LOUISVILLE, Ky. — House Speaker John Boehner called for Congress to find "common ground" on jobs and the economy despite ideological differences that have tied the institution in knots.
Boehner, speaking Monday during a visit to the University of Louisville, said finding areas of agreement doesn't mean compromising principles. Instead, Boehner said, doing so means finding places where the agendas of both parties overlap and having Congress act on those areas.
Boehner's speech comes as congressional Republicans have wrangled with President Barack Obama over how to jump-start job growth in a sluggish economy.
"My message today is simple: Faith in government has never been high, but it doesn't have to be this low," Boehner said.
Boehner shared the stage with his fellow congressional Republican leader, U.S. Sen. Mitch McConnell of Kentucky. McConnell welcomed Boehner to his alma mater as part of the McConnell Center's fall lecture series.
Boehner was first elected to the House in 1990 from Ohio's 8th Congressional District.
Boehner cited several areas of agreement between Republicans and Democrats, including recently passed free trade pacts. He also called for Congress to agree to lift or modify regulations on pesticide use, the cement industry and the power of the federal Environmental Protection Agency, a favorite target of the GOP.
"Common ground — without compromising on principle — is the recipe that produced some of the greatest policy milestones in recent memory," Boehner said, citing the 1996 welfare reform bill.
While introducing Boehner, McConnell said government needs get control of its finances.
"Spending and borrowing, which has exploded in recent years, is catching up with us," McConnell said.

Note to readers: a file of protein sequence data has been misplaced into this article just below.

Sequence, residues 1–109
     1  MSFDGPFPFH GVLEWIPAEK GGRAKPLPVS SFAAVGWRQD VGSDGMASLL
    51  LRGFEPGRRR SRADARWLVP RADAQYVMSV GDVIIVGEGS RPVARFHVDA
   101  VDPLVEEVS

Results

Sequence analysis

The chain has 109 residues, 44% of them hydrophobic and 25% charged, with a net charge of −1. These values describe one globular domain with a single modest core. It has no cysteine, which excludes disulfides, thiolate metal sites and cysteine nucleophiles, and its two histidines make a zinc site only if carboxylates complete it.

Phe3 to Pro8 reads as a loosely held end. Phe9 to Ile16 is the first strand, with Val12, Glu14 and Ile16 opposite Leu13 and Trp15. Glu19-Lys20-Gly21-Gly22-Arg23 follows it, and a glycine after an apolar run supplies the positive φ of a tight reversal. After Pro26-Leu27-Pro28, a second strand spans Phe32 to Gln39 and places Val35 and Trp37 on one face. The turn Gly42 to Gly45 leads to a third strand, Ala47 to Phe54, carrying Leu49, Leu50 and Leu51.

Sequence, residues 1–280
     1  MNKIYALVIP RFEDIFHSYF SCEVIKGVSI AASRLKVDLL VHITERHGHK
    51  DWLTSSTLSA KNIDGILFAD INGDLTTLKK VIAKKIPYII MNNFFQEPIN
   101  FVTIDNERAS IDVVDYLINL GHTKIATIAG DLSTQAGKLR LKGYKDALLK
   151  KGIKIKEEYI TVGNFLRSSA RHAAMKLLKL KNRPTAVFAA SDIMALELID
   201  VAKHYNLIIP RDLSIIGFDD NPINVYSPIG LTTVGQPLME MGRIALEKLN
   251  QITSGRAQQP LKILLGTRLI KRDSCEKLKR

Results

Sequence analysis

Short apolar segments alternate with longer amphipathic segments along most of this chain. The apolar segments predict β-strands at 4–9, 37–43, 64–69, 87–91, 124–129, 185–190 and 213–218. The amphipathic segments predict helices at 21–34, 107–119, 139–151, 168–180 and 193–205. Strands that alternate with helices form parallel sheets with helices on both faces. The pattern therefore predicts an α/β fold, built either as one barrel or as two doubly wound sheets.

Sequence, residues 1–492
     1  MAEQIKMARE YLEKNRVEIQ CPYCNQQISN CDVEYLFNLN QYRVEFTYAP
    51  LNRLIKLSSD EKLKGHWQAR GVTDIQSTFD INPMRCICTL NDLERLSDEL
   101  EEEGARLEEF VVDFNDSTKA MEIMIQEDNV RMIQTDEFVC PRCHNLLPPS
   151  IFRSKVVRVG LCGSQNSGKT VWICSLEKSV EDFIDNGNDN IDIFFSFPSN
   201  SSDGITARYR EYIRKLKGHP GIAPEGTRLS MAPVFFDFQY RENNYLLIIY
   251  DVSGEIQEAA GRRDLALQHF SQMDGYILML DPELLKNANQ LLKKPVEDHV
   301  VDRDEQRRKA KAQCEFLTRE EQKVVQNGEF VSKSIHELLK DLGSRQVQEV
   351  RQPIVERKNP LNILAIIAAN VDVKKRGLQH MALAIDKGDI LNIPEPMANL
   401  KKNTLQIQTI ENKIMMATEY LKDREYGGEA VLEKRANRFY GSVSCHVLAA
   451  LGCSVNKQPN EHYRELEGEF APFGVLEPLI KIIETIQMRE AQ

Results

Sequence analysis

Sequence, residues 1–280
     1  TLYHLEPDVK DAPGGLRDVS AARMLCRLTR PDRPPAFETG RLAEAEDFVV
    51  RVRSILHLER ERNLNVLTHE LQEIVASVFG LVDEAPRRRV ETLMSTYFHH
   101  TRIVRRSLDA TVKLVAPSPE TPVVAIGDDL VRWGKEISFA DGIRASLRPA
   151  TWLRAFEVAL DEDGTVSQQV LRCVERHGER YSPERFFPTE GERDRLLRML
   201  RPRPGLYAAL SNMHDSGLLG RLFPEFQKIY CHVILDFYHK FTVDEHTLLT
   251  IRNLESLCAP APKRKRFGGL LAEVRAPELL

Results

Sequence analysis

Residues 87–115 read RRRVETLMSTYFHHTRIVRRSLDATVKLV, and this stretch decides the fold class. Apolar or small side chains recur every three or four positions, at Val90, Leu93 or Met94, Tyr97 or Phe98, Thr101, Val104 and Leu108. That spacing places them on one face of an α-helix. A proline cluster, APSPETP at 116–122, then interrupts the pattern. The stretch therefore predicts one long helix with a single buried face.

Boehner said the bipartisan debt commission, known as the "Supercommittee," needs to find areas of agreement, including on entitlement programs such as Medicare. Without changes, entitlement programs will not be around long term, Boehner said.
"You know it, I know it, President Obama knows it," Boehner said.
Boehner's speech comes amid continued feuding pitting Obama and Congressional Republicans over the right course to jump start job growth.
Congressional Republicans have blocked Obama's $447 billion jobs plan that combines Social Security payroll tax cuts for workers and businesses along with other tax relief and new spending on roads, school repairs and other infrastructure.
The plan has been stymied by lawmakers opposed to stimulus-style spending and a tax increase on the very wealthy. The plan would be paid for with a surcharge on income exceeding $1 million.
Obama and his Congressional allies have vowed to press ahead with separate votes on pieces on the jobs measure. One pared-back measure designed to boost hiring of teachers and first responders was scuttled recently by Republicans and a handful of Democrats.
Obama has been campaigning for his jobs bill, making strategic s tops in key battleground states and in the backyards of key Republican leaders.
Obama has promoted the plan as an insurance policy against a double-dip recession. The debate comes amid an anemic economic recovery and slower than hoped job growth.
Boehner said the Occupy Wall Street movement, which has prompted protests and arrests around the country, is understandable given the slow economic and job growth.
"Under the First Amendment, people have the right to speak out and protest," Boehner said. "But, they don't have a right to violate the law."
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